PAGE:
Strong eruption at Sheveluch volcano, ash to 11 km (36 000 feet) a.s.l., Russia

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A strong explosion took place at Sheveluch, one of the biggest volcanic structures in Kamchatka, Russia, late December 29 (UTC), 2018, forcing authorities to temporarily raise the Aviation Color Code to Red. 

According to video data, explosions sent ash up to 10 km (33 000 feet) above sea level and two ash plumes began to move to the NE and WSW, KVERT said 01:32 UTC today, raising the Aviation Color Code to Red.

Satellite data by KVERT showed ash plume on the height 10 – 11 km (36 000 feet) a.s.l. drift for 35 km (21.7 miles) to the north-east from the volcano, and ash plume on the height about 6 – 7 km (3.7 – 4.3 mileS) a.s.l. continues to move about 244 km (151 miles) to the WSW.

A moderate gas-steam activity of the volcano continues, the observatory said, adding that ash explosions up to 10 – 15 km (32 800 – 49 200 feet) a.s.l. could occur at any time. Ongoing activity could affect international and low-flying aircraft, it warned.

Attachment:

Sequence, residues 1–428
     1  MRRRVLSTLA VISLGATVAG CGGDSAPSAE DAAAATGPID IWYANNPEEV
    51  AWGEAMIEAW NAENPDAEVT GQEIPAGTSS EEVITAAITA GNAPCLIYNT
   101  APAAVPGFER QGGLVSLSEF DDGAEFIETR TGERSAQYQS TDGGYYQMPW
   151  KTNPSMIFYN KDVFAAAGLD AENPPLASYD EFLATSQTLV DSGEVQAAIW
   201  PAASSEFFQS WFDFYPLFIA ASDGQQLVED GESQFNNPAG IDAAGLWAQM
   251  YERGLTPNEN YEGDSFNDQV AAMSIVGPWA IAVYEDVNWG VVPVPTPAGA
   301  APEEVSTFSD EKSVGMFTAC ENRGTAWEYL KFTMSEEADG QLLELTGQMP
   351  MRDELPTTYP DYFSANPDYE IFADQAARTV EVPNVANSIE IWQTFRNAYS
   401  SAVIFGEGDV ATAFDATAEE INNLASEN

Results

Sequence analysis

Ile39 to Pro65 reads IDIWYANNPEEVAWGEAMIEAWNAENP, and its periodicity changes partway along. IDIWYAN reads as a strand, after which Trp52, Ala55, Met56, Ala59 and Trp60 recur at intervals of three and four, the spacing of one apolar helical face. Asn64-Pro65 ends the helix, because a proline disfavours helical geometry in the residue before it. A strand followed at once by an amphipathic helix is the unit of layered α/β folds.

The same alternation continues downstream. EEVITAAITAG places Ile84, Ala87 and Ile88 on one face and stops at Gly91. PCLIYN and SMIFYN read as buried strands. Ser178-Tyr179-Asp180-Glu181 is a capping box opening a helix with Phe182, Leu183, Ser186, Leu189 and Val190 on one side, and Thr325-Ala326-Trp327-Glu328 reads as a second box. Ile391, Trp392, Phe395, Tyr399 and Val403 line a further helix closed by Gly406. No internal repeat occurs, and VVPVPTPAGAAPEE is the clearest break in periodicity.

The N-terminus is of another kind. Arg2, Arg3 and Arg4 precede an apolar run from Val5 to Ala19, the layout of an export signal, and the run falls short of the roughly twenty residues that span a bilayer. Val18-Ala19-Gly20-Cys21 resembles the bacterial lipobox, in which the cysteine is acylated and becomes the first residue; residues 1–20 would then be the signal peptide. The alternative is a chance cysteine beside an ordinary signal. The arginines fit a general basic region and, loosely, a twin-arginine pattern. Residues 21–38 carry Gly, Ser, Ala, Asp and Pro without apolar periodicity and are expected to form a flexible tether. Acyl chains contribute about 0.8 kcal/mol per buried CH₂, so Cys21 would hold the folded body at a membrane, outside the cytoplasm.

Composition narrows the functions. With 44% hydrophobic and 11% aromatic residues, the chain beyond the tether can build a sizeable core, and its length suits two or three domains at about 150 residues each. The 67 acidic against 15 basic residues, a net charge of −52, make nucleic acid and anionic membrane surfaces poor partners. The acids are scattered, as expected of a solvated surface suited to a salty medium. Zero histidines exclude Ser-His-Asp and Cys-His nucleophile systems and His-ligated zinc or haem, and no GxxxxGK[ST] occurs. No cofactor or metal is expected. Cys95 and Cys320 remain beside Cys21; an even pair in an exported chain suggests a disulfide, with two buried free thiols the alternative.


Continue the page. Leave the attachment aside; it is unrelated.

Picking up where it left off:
The Aviation Color Code was lowered back to Orange at 06:14 UTC.

The eruption produced a small pyroclastic flow, which spread in the SE direction up to a distance of 5 km (3.1 km).

Ash began falling in the village of Keys at about 14:30 local time today and lasted for about one hour, Head of the Kamchatka Volcano Station, Yu. Demyanchuk reported. Demyanchuk estimated that no more than 100 grams of ash fell per square meter, adding that accurate data will be reported after analysis.

All images copyright Volkstat.ru

Featured image: Sheveluch volcano eruption on December 30, 2018. Copyright: Volkstat.ru

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